The learners will investigate the roles of contemporary and historic Latino philanthropists. They will look at a creative approach to "capacity building" in Latino organizations as created by the 2003 winners of the Robert W. Scrivner Award for Creative Grantmaking: Aida Rodriguez, Barbara A. Taveras, Luz A. Vega-Marquis, and Magui Rubalcava, and by looking at the work of César Chávez and Dolores Huerta in the farm labor movement within the historical context of Latino activism in the United States.

Participants research leaders who used the nonprofit sector as an alternative power structure to make positive changes in society. They will identify the Core Democratic Values that each leader focused on.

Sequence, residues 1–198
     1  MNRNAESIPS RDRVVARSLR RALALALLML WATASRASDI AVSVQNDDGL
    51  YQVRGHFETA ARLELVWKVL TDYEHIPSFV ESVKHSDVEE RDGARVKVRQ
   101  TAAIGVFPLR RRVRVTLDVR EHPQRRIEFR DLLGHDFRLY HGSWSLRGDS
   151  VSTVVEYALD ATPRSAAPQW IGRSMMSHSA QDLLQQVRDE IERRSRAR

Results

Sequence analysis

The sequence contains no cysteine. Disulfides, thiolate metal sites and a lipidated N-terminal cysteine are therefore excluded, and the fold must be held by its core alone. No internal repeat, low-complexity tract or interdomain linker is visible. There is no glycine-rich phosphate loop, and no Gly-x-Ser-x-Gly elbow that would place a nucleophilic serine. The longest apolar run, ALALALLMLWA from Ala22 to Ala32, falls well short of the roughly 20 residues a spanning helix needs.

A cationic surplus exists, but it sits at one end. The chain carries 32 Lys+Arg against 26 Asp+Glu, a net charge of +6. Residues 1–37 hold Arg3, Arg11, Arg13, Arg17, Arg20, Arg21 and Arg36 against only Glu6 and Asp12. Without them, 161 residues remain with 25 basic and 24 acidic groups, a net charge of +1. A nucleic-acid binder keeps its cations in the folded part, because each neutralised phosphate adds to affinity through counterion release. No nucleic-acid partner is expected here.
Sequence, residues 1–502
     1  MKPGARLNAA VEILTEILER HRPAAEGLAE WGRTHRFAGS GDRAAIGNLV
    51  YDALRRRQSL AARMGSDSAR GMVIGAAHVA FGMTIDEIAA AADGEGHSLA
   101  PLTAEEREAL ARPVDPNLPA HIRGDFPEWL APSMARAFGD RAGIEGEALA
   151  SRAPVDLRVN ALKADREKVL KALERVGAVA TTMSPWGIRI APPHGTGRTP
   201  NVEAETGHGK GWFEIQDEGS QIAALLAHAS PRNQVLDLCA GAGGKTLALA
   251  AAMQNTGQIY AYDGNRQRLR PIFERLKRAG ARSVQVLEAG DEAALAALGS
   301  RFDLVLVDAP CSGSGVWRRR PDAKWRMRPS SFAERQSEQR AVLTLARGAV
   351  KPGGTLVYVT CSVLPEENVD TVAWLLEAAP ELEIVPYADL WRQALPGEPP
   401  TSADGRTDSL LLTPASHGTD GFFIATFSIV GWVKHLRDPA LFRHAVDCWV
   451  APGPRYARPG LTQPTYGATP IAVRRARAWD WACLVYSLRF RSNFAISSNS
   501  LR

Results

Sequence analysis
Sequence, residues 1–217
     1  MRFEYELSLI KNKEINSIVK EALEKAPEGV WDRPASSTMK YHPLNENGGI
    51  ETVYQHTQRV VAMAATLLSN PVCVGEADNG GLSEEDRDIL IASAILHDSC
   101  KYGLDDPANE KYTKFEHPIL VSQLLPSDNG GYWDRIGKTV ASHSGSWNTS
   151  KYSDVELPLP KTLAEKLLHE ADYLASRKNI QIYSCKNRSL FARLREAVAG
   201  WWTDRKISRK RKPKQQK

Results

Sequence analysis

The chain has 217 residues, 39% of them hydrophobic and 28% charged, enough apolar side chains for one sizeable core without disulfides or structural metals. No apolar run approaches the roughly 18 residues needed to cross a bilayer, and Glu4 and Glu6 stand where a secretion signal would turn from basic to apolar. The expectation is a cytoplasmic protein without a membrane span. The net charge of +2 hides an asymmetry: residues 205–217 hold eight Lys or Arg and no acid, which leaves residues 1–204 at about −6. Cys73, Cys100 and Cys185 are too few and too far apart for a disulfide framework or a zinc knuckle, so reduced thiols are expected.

Youth will interact with older citizens in order to make intergenerational connections in the community, discover the wealth of history around us, and develop pride in and a sense of connection to their community.

After researching the life and work of a chosen philanthropist from history, the learner takes on the role of that philanthropist in writing a letter back to the learner. In this letter, the philanthropist shares their motivations and feelings about their work, and compares and contrasts their work with the philanthropic work of the learner. 

Learners recognize that our valuable natural resources are maintained and cared for by government, business, nonprofits, and individuals. The three sectors (and individuals) work together to accomplish what any one of them cannot do alone.

Pages